I won’t say more for fear of giving too much away, but I think if you’ve ever had to give up something familiar and beloved so that you have your hands free to grasp a new opportunity, you know what I mean about daybreak. Just like Jensen and Anders’ lilac bushes, sometimes our branches have to be pruned and cut back before we can grow. What does daybreak – or the dawn of a new day – mean to you?

Sunset 3

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Anyone who has read “Night and Day”, my first novel, will enjoy reading the letter I just received from a (not THE) real life Leif Unterschlag, who lives in Copenhagen.
Dear Sherrie Hansen,
I recently tried to “google” my own name, Leif Unterschlag.  To my surprise, I found out that you have written a book “Night and Day” with a person called exactly that (pages 98 and especially 299).
As it is clearly fiction, I am of course extremely curious to know where you found my name and how you decided to use it.
You use a lot of Danish names in the book, but Unterschlag is – as you probably know – neither a typical nor a common name in Denmark (nor in the U.S.). And especially in combination with “Leif” it cannot be a pure coincidence. So please share with me your deliberations etc.
It would be a nice (and appropriate) gesture to send me (see postal address below) a printed copy – of course with a handwritten greeting from the author*:) glad.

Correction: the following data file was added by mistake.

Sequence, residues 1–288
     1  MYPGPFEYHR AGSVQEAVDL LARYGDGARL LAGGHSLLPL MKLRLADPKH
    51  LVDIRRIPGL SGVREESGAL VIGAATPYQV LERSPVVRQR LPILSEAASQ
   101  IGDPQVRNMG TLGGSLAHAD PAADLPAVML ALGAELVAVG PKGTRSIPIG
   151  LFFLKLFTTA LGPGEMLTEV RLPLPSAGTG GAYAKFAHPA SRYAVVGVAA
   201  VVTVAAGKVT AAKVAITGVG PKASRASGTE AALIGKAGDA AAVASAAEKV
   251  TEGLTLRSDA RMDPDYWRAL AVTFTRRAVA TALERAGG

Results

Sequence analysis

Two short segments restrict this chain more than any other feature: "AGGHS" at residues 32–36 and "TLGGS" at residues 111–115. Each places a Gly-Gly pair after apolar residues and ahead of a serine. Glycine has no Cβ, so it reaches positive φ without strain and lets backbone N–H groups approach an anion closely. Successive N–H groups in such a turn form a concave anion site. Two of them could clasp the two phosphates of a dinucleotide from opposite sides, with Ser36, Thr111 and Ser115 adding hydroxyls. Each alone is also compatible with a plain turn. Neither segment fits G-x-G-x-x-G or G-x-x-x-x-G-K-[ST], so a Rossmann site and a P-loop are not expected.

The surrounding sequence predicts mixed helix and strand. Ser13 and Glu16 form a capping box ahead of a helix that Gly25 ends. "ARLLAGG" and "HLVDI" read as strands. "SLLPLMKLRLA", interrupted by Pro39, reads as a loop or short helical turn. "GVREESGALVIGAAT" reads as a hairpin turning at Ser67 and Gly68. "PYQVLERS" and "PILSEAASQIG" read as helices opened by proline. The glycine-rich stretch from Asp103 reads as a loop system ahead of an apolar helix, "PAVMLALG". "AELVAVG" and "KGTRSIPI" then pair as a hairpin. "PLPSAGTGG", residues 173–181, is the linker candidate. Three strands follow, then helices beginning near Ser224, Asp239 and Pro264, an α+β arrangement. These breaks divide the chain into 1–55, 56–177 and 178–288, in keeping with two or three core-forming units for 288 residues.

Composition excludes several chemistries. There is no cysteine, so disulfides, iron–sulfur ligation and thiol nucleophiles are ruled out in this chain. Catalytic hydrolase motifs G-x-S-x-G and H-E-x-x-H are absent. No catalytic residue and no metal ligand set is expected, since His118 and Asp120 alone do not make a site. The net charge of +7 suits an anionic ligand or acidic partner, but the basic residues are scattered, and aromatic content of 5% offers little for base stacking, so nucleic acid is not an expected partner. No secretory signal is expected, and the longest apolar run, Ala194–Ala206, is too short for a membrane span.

Have a nice Easter holiday!
Yours sincerely,
Leif Unterschlag,
København, Denmark
(The letter has been slightly edited.)
Night and Day (1)
The REAL (to me) Leif Christian Unterschlag from “Night and Day” would have died sometime in the 1940s (off the top of my head – I don’t have a copy of “Night and Day” in front of me) in Solvang, California. His gravestone would have read Chris Christiansen, as he simplified his name when he immigrated to the United States like so many did. If you read the soon to be released sequel, Daybreak, you’ll get reacquainted with MY Leif’s son, Charles Christiansen, and be able to read some newly discovered letters that MY Leif wrote to Maren Jensen before he left Denmark. I also interjected snippets of Danish culture that I’m familiar with, like our family’s tradition of enjoying Danish aebleskivers.
Danish Pancakes - Done
Although my selection of the name Leif Unterschlag was purely coincidental, there are some characters in “Night and Day” who bear a close resemblance to a real life counterpart. My great-great grandmother, Maren Jensen, who is buried in Blooming Prairie, Minnesota. was the inspiration for Night and Day, although the book is truly a work of my imagination. In the book, MY Maren was married to Frederik, and born an entire generation later. Because I skipped a generation, my grandmother, Victoria, became Maren’s daughter instead of her granddaughter.  It can be confusing to those who know my family, but I wanted to use family names for those characters with real family connections.